NORFOLK — Mark Montgomery’s rise from obscure Division I baseball recruit to major-league pitching prospect was, for a time, as meteoric as it was unexpected.
Montgomery pitched for Bruton High, but with a fastball that peaked at 86 mph as a senior, Longwood University recruited him as an infielder. The Lancers eventually moved him to pitcher, where the fastball improved into the low 90s while he developed a slider that is other-worldly.
The slider, which he used to strike out 14.2 batters per nine innings as a junior, prompted the New York Yankees to draft him in 2011 and fueled a quick rise through the organization. By the spring of 2013, blogs and articles predicting a promotion to the big-league Yanks were multiplying. Mike Rosenbaum of Bleacher Report’s MLB Prospects penned an article titled: “Is Mark Montgomery the Heir to Mariano Rivera’s Closer Throne?”
Then adversity struck. As he pitched for Scranton/Wilkes-Barre of the AAA International League, a sore shoulder landed him on the disabled list three times during the 2013 season.
So, while the buzz of an inevitable rise to the majors has subsided some, Montgomery, 23, is having the kind of spring as a reliever with the RailRiders that could revive such talk. Even after giving up a couple of home runs at Harbor Park last weekend against the Norfolk Tides, his 2014 numbers are stellar.
Montgomery, 5-foot-11, 205 pounds, has pitched 14 innings in 11 games, allowing just seven hits and three runs while striking out 16 and walking seven. His earned-run average is 1.93, and his WHIP (walks plus hits per innings pitched) is an excellent 1.0.
While in Norfolk on Sunday, Montgomery talked to the Daily Press about his season.
Q: How special is it to be back in Norfolk to pitch?
A: It’s definitely exciting. It’s cool to be able to pitch in front of my family and see some familiar faces, and I’m happy to be here.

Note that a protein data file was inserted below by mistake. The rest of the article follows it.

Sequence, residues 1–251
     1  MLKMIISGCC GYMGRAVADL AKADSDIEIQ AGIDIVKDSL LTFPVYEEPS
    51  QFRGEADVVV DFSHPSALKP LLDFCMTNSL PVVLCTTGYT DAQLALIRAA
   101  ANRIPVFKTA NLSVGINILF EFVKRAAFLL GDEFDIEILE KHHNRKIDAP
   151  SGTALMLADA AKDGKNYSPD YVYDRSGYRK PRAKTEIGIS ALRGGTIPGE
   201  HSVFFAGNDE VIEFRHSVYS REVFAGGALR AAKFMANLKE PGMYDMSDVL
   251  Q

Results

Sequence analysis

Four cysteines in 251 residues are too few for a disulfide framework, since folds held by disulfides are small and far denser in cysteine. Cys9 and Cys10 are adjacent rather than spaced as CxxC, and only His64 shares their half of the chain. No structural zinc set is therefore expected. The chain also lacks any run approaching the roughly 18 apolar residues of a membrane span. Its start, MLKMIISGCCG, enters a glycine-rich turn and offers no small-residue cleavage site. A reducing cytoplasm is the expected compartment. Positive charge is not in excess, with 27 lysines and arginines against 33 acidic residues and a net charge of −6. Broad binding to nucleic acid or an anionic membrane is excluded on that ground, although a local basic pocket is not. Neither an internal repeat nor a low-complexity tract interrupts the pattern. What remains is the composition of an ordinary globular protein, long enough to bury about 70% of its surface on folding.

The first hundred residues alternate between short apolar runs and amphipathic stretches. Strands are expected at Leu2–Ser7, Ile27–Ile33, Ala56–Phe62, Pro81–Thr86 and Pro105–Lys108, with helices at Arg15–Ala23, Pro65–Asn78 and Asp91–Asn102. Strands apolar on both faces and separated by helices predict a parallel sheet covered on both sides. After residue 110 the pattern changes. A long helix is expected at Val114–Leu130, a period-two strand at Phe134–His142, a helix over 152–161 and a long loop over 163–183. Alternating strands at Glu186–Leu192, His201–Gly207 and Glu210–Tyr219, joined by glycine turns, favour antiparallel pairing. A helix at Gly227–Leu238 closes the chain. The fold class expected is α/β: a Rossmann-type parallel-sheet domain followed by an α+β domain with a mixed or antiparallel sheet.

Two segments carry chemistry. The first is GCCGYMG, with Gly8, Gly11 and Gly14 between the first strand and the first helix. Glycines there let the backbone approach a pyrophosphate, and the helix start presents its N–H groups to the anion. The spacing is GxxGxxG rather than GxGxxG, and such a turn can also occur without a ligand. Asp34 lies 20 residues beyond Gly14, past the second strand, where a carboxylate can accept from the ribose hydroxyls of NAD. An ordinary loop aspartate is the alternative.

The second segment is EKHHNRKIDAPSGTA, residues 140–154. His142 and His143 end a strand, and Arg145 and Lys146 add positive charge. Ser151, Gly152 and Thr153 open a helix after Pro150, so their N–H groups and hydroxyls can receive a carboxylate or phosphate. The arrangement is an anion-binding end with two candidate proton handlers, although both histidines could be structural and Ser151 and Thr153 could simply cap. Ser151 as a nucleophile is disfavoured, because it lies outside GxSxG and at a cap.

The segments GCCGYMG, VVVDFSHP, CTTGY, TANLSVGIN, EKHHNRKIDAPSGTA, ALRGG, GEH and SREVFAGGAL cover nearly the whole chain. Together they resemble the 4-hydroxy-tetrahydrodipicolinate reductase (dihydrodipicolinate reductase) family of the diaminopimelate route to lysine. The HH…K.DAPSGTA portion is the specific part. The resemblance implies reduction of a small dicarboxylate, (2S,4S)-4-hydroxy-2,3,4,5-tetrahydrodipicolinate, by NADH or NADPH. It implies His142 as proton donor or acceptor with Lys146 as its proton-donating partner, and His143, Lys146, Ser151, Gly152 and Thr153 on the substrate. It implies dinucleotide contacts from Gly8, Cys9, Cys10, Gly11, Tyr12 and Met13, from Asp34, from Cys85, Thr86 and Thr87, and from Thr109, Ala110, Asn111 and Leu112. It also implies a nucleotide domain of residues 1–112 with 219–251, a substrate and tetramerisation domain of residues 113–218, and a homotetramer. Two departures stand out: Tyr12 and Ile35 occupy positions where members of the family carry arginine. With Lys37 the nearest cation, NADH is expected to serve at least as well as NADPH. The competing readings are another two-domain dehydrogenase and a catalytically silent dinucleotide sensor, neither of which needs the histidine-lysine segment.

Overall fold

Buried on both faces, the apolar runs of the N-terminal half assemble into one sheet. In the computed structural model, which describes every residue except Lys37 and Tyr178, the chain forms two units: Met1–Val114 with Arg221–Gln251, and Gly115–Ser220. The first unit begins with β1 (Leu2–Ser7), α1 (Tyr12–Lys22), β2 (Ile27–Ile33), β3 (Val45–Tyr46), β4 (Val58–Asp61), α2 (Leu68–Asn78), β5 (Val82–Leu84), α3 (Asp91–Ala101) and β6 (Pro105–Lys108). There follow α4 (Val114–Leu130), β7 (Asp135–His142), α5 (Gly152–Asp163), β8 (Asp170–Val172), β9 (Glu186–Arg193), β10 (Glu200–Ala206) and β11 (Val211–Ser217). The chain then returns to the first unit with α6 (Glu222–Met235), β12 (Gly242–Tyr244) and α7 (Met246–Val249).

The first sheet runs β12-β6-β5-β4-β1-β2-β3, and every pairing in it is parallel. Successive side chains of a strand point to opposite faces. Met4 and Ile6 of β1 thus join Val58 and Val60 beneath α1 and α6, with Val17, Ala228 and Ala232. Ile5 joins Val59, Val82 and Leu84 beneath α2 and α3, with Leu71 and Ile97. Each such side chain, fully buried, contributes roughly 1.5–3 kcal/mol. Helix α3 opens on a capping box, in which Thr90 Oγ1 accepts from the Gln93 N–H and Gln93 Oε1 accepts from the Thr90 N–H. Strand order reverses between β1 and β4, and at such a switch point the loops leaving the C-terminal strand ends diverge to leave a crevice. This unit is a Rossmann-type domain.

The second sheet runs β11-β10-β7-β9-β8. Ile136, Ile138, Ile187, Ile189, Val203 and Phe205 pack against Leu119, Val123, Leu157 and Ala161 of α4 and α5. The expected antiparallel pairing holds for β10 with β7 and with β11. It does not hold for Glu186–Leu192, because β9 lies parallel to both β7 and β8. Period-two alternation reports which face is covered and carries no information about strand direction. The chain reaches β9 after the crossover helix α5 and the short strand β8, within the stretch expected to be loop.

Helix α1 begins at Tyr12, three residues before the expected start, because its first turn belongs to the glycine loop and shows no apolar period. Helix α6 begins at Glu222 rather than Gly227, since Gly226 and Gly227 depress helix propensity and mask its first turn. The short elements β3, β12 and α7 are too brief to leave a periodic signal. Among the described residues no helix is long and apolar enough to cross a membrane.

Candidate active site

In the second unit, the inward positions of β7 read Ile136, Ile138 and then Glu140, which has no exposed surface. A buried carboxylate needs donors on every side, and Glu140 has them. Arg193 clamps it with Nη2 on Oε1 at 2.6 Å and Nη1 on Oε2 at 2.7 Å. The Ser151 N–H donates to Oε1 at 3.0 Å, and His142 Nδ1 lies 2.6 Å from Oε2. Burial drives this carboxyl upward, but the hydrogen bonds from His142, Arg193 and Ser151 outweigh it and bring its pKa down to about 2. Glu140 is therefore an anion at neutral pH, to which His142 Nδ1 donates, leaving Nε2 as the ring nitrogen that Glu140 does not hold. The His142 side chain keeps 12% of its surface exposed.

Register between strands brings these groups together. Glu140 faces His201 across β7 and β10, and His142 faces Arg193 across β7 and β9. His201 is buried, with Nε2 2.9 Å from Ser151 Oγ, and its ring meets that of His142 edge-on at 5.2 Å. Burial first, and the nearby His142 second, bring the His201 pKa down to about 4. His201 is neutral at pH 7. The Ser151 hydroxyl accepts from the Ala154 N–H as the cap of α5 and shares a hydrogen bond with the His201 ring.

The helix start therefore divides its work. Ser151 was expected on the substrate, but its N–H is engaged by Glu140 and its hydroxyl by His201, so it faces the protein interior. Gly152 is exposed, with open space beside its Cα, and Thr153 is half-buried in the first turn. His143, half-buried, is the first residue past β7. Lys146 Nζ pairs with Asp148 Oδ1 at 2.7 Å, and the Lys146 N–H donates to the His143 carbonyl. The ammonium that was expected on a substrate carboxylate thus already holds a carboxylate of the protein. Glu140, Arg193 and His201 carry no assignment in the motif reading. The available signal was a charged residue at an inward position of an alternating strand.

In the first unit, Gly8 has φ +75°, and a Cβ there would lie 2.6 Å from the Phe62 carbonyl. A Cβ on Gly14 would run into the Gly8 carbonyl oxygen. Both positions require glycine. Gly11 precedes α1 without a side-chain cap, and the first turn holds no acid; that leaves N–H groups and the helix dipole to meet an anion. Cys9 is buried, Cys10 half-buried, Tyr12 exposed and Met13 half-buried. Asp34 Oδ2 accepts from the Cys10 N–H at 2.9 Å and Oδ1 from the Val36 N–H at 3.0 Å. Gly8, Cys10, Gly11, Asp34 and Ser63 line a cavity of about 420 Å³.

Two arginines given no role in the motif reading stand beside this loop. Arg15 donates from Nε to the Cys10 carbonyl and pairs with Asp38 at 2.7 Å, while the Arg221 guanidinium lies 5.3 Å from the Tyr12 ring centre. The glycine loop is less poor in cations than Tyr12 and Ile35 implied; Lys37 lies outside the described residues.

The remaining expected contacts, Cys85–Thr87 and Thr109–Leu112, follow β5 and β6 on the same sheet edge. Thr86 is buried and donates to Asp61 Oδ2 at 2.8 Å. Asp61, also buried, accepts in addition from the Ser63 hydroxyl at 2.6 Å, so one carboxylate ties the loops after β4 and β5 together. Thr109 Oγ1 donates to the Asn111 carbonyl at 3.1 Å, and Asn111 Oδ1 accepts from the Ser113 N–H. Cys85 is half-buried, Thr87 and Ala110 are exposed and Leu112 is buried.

Q: Do you look at it as just a business trip or do you get to have some fun?
A: I spent some time with my family. That was the No. 1 thing. No. 2 is I came here to play baseball and try to get better.
Q: How far does it feel like you’ve come since playing at Bruton High to be as high up in baseball as you are now?
A: I don’t really look at it that way. Bruton was very good to me and helped me move on, and the same thing with Longwood. I don’t really look at it as where I’ve made it so far. I think I’m just working toward that ultimate goal.
Q: How much fun was it to pitch in some major-league exhibition games for the Yankees this spring?
A: That was a good experience, a good learning experience. I got to talk to some other guys and learn some things. It was definitely exciting and I look forward to doing it more often.
Q: Were you and Kyle Crockett (a Cleveland Indians pitching prospect from Bruton’s rival Poquoson High) ever on the same team together?
A: We played on a couple of summer teams together and I took a lot of pleasure in being able to play with him.
Q: How cool is it that both of you are so close to the major leagues right now?
A: It’s awesome. I spoke to him a couple of times and let him know I’m keeping track of him and I’m excited and pulling for him.